(Mount Saint Vincent University/Instagram)

University under scrutiny over residential schools course taught by white prof

Only Indigenous people have the experience to teach ways they’ve been discriminated against: critics

A Nova Scotia university is under fire for assigning a course about Canada’s residential schools to a non-Indigenous professor, something activists say undermines reconciliation efforts.

Mount Saint Vincent University in Halifax is expected to offer the course, Selected Topics in North American History: Residential Schools, this fall.

The school’s website says the professor slated to teach the course has an expertise in Atlantic Canadian First Nations history, with a specialization in the historical experiences of 20th century Indigenous women.

Yet the decision to assign a “settler scholar” to teach the course has been slammed on social media as a kind of historical appropriation and reinforcement of the systemic oppression of First Nations.

Critics say only Indigenous people have the lived experience to understand the complex and cumulative ways they’ve been discriminated against, and that they should have the agency to teach their own history.

The university says it will be providing comment on the controversy later today.

Martha Walls, the assistant professor assigned to the course, said in an email that she takes the “important concerns aired over Facebook extremely seriously.”

“Early next week, I will be part of a meeting with Indigenous faculty and staff and others to work through this matter,” she said.

Rebecca Thomas, a Mi’kmaq community activist in Halifax, says part of reconciliation is allowing Indigenous Peoples a voice.

“There is this perpetuation that non-Indigenous people have the right and expertise to speak on Indigenous topics when in reality the lived experience of what it’s like to be a product of these systems within Canada, there’s no voice better than first voice,” she said.

“We get taught about and studied as though we are gone, but we’re still here. People shouldn’t see Indigenous people telling their own stories as exotic or a novelty. We’re authoring our own stories now, and that sadly is very new but needs to be normalized so that it’s the every day occurrence.”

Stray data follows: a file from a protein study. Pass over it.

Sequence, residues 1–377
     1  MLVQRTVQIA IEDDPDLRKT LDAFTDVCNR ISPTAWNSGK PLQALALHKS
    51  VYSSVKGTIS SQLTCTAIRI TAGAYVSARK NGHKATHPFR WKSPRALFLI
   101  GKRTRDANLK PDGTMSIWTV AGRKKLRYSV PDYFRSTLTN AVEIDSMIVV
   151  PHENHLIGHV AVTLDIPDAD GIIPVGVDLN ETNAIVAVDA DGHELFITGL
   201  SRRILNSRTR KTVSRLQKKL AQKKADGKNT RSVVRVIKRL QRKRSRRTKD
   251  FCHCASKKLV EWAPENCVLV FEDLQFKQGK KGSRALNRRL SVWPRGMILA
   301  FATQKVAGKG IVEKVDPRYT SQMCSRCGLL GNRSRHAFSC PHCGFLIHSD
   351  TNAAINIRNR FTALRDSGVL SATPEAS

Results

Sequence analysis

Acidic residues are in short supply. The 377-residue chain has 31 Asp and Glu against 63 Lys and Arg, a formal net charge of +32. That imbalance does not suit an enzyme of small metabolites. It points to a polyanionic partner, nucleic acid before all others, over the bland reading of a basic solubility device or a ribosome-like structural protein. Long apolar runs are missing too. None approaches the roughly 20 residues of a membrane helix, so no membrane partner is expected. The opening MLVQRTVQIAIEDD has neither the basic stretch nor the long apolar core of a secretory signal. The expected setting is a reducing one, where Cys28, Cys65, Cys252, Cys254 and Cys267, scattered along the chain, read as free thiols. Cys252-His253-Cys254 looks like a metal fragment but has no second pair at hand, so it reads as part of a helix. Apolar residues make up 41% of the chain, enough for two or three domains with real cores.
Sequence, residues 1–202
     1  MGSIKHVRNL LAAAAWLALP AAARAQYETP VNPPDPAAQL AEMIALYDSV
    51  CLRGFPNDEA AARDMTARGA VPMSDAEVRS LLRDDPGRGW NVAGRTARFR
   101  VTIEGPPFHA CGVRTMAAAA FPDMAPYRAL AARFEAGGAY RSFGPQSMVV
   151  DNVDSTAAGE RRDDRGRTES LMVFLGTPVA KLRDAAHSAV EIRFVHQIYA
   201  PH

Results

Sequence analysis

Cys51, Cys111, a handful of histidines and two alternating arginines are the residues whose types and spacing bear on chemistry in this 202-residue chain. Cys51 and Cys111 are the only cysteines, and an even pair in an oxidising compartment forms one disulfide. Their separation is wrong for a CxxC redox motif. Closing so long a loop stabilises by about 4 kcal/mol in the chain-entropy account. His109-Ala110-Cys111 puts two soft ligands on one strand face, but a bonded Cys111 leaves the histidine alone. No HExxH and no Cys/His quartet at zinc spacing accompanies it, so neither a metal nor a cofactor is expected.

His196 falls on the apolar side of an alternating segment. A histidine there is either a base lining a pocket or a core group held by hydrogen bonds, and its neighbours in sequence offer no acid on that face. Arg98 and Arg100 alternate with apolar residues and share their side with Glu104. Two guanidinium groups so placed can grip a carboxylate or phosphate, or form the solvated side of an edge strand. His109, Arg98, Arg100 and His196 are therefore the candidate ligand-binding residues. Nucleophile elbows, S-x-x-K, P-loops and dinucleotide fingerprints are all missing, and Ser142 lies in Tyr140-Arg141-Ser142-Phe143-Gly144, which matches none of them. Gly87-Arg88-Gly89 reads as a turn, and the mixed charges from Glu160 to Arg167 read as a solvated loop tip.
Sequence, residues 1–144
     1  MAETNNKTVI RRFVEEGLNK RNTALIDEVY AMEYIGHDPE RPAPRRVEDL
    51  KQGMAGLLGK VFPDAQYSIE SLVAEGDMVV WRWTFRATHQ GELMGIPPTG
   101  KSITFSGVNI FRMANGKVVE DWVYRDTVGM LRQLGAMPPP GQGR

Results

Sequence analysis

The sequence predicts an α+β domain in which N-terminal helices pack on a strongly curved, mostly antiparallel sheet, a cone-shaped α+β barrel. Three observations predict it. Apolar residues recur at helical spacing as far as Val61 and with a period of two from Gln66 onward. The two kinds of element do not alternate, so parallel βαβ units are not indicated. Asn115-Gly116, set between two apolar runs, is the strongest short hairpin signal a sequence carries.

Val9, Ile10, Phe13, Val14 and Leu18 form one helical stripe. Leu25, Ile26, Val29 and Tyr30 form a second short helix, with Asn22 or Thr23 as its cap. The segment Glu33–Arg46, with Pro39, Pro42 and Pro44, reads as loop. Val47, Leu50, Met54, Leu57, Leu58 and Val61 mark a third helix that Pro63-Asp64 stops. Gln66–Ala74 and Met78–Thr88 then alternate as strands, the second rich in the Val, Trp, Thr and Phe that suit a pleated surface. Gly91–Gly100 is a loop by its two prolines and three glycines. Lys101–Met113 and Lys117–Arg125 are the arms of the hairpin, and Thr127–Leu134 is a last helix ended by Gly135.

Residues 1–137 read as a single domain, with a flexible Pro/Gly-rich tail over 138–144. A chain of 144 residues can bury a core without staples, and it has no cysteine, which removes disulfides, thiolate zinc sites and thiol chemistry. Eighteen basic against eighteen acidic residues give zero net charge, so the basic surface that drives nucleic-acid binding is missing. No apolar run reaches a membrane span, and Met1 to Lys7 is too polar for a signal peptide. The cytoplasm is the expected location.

The Canadian Press

Like us on Facebook and follow us on Twitter.

Just Posted

Nanaimo’s Lego community creating, co-operating

Mid Island Lego Users Group is always looking for creative new members

Nanaimo mayor says new tent city is ‘a good option’ for now

Municipality to provide toilets, garbage collection and police patrols at downtown homeless camp

Nanaimo Ladysmith Public Schools plans to expand focus school program

If someone asked a class of Fairview Community School students about reading… Continue reading

UPDATE: Nanaimo city hall dealing with leaked report

Privacy commissioner notified after release of confidential report on purchase card use

LETTERS TO THE EDITOR: Fire hall process flawed

We cannot find anyone who knew about a vote for the borrowing of $17 million for a fire hall

VIDEO: Nanaimo celebrates heritage with parade, festival

Nanaimo Heritage Festival includes parade downtown and music and activities at park

Biologists keep an eye out for Nanaimo’s next generation of turtles

Cameras at Buttertubs Marsh help monitor populations of western painted turtle, a species-at-risk

NRE will present business plan to the public this month

Nanaimo Recycling Exchange plans public engagement sessions for May 26 and May 30

Couple survives being buried in mudslide on B.C. highway

The couple, from Saskatchewan, were en route to Nelson when a tree fell in their path

LETTER TO THE EDITOR: The less oil that flows through B.C., the better

A catastrophic oil spill on our coast could never be cleaned up to any extent, says letter writer

Artificial turf field officially dedicated in Nanaimo

City and school district dedicate $3.6-million NDSS Community Field

Nanaimo Astronomy Society lecture will lament light pollution

Lindsay Malbon, Bill Weller and Mitchell and Andrew Gair guest speakers at May 24 meeting

UPDATE: Woman dies after ocean accident near Tofino

Good Samaritan says lifeguards are needed at Long Beach and along the Pacific Rim Park Reserve

PHOTOS: Floodwaters rise and fall in Grand Forks

The flood-ravaged Kootenay-Boundary region begins to heal

Most Read